Gerrymandering happens when lawmakers draw new legislative district boundaries so as to favor themselves and their party in future elections.
In the year following each U.S. Census, legislative district boundaries must be redrawn so that each district has nearly the same number of voters. A committee of legislators updates the state’s district map. In other words, elected officials pick their voters, not the other way around.
Legislators want to be re-elected, so there is a motivation to use the redistricting process for incumbent protection. For instance, a legislator may have moved out of his district. “Let’s move the line so his new house is back in his old district.” Or, “I don’t want to have to run against that person; draw the line so that she’s not in my district.”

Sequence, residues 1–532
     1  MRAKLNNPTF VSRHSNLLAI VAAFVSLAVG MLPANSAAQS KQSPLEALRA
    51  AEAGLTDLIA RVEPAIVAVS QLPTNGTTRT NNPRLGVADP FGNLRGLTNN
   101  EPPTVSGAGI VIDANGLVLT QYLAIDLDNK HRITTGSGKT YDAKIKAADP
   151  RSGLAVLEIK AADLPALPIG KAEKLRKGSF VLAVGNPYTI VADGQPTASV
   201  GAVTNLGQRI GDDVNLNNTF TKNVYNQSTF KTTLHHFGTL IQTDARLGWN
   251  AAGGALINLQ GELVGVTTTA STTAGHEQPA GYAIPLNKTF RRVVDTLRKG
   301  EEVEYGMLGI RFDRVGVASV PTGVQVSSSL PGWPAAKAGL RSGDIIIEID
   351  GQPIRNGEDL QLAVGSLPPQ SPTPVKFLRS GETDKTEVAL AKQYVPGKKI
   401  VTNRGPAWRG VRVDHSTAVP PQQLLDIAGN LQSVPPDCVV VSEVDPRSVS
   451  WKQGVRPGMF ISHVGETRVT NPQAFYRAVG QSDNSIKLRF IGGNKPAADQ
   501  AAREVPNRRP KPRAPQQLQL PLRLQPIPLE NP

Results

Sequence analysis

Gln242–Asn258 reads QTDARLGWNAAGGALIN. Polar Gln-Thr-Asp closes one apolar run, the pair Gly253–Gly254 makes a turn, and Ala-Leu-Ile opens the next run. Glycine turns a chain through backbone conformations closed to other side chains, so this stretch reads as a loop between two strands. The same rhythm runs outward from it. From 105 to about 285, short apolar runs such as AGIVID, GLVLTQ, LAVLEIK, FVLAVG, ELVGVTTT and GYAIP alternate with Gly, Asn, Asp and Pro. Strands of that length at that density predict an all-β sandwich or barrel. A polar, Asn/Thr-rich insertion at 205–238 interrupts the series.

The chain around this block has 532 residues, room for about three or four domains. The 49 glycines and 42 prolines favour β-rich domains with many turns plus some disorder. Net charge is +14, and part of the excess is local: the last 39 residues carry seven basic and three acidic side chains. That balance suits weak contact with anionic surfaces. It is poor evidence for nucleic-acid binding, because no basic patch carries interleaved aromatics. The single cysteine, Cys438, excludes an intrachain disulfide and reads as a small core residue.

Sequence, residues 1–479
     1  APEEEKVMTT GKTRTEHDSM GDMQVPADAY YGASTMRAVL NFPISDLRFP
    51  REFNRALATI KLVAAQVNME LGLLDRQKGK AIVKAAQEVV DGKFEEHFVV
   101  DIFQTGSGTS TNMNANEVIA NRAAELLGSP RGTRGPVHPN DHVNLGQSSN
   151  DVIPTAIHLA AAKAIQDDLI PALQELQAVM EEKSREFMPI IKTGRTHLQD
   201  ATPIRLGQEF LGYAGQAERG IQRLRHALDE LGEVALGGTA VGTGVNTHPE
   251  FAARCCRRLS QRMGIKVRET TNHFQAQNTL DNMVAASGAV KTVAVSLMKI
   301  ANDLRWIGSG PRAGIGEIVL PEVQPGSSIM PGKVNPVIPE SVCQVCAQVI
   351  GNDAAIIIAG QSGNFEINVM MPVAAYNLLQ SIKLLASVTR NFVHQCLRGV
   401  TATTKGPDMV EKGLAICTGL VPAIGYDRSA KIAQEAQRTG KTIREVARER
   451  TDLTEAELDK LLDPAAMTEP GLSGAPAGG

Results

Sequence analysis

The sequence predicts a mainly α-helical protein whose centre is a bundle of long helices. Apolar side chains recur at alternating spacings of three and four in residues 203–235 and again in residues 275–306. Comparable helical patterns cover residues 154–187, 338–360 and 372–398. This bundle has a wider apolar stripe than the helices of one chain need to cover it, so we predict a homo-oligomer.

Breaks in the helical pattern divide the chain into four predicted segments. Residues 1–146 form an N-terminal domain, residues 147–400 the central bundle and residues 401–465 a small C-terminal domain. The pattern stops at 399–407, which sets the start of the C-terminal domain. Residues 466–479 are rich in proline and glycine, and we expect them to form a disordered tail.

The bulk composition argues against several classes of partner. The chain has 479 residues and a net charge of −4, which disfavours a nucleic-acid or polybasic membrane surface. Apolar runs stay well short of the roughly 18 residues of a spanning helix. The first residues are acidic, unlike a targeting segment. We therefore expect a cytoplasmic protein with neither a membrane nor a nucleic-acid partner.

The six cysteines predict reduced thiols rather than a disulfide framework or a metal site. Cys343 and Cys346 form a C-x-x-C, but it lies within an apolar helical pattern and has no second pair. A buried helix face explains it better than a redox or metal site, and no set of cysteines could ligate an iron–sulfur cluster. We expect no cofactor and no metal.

North Dakota citizens strongly favor government that is transparent and accessible to the citizens. House Bill 1397, which defines the procedures for North Dakota redistricting this cycle, should be amended to ensure ample opportunity for public scrutiny and input before the final map is drawn.
Guidelines should be included in this bill that encourage the legislators to follow widely recommended criteria, such as trying not to divide city, county, township or tribal areas into different legislative districts. Neither the political affiliation of the residents nor the address of an incumbent or potential candidate should be considered when drawing the lines. North Dakota Voters First is proposing amendments to change HB1397 accordingly because North Dakota voters expect government to be both open and fair.
Carol Sawicki is chair of North Dakota Voters First.
This letter does not necessarily reflect the opinion of The Forum's editorial board nor Forum ownership.